Following a story on how "big primary
victories by fringe candidates open a rift in the GOP," in which
Jeff Greenfield warned "moderate Republicans worry that if the Tea Party
movement drives the GOP too far to the right, it could jeopardize their
prospects in November and in 2012," CBS Evening News anchor Katie
Couric fretted: "Does this mean moderate Republicans are becoming an
Hardly an original thought, however, from Couric. From a quick perusal of the MRC's archive, I discovered that on NBC's Today show back in 2005 she worried about whether "the religious right has too much influence on the Republican Party" and, after listing some non-conservative positions held by "moderate Republican" Senator Arlen Specter, empathized with him: "Do you feel like an endangered species these days?" (Specter, of course, a few years later fled the GOP for the Democratic Party where he was promptly defeated in their primary.)
Couric teased Thursday's newscast by characterizing conservative Republican winners as "fringe" players: "The party crashers. Big primary victories by fringe candidates open a rift in the GOP."
She set up the September 16 story on how the
Tea Party is supposedly hurting the Republican Party:
Our latest poll found 78 percent of registered voters believe the incumbents in the Democratic-controlled Congress should be tossed out. So you would think this would be a golden opportunity for Republicans. But as Jeff Greenfield reports, after big victories this week by candidates of the Tea Party, the Grand Old Party is in turmoil.
Greenfield concluded his piece:
Moderate Republicans worry that if the Tea Party movement drives the GOP too far to the right, it could jeopardize their prospects in November and in 2012. Tea Party supporters note that, except in Delaware, every one of their Senate candidates is even or ahead in the polls.
Couric then queried: "And does
this mean moderate Republicans are becoming an endangered species,
Greenfield replied: "Well, you have Susan Collins and Olympia Snowe in Maine, Dick Lugar fro Indiana, Scott Brown from Massachusetts, but certainly compared to the Congress of 15 or 20 years ago, there are far fewer, and in contrast, the Democrats went out and recruited a lot of moderates four years ago in the so-called blue dogs. The Tea Party is driving the Republicans, I think, the other way."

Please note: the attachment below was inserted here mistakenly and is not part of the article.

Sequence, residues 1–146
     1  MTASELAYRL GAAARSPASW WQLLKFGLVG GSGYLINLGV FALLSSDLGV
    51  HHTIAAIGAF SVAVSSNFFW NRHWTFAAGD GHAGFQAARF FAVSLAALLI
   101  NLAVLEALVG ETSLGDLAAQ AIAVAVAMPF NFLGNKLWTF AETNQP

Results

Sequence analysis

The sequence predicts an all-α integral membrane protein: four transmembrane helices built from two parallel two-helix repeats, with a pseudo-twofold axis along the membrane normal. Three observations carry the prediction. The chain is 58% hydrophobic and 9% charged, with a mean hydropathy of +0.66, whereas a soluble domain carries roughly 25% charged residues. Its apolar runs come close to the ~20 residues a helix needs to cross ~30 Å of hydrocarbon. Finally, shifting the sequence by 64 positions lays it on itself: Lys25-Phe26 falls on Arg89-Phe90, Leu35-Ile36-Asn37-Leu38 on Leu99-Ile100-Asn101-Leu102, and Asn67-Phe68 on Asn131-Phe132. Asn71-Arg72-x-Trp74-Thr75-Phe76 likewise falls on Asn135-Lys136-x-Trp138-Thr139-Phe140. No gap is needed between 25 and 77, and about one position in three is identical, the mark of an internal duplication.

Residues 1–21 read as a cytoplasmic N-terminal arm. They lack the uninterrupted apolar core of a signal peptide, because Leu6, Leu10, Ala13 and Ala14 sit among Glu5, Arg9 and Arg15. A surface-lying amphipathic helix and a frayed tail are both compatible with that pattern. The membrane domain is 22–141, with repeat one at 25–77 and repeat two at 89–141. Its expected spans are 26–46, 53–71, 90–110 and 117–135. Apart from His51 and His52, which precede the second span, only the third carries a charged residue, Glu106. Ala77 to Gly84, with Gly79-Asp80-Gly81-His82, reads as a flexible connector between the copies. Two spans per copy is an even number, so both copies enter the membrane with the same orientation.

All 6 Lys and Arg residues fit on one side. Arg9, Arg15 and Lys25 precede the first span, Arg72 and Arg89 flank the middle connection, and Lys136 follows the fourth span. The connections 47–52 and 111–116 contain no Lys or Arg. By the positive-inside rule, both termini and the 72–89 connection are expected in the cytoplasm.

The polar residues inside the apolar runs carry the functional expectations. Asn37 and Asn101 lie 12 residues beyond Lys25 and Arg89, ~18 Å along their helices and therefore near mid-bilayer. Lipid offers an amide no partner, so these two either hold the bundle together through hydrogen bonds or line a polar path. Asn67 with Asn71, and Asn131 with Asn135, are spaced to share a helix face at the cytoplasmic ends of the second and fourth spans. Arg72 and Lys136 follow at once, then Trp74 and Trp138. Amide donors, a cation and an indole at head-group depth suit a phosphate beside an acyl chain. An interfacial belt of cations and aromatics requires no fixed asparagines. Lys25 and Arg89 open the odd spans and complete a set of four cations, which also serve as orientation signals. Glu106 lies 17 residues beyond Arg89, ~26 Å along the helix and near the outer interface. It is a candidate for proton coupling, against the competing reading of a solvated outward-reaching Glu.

Rewind to the Friday, May 13, 2005 Today show, as reported in a MRC CyberAlert item by Rich Noyes, "Couric Fawns Over Specter, Blames GOP for 'Disgusted' Public ," which recounted:
...NBC then switched to the taped piece that Couric narrated: "Feisty, firm, with the razor sharp mind of a former prosecutor, Arlen Specter, 75, has never been afraid of a fight. Recently diagnosed with stage four Hodgkin's lymphoma, Specter is now undergoing chemotherapy."
Referring to how Specter has lost most of his hair, Couric proclaimed: "His look may be different, his drive is not." After a few questions about his health, she outlined the liberal views that have helped make Specter a media favorite:
"Specter's a Republican who favors abortion rights, is against a constitutional amendment banning gay marriage, and is a vocal supporter of embryonic stem cell research." Sitting across from Specter in an interview, she asked him: "Do you feel like an endangered species these days?"
He replied: "No, I think that the small band of moderates are very, very important in the Senate. We frequently hold the balance of power."
She later inquired of Specter: "Do you believe the religious right
has too much influence on the Republican Party at this point?"
- Brent Baker is Vice President for Research and Publications at the Media Research Center. Click here  to follow him on Twitter.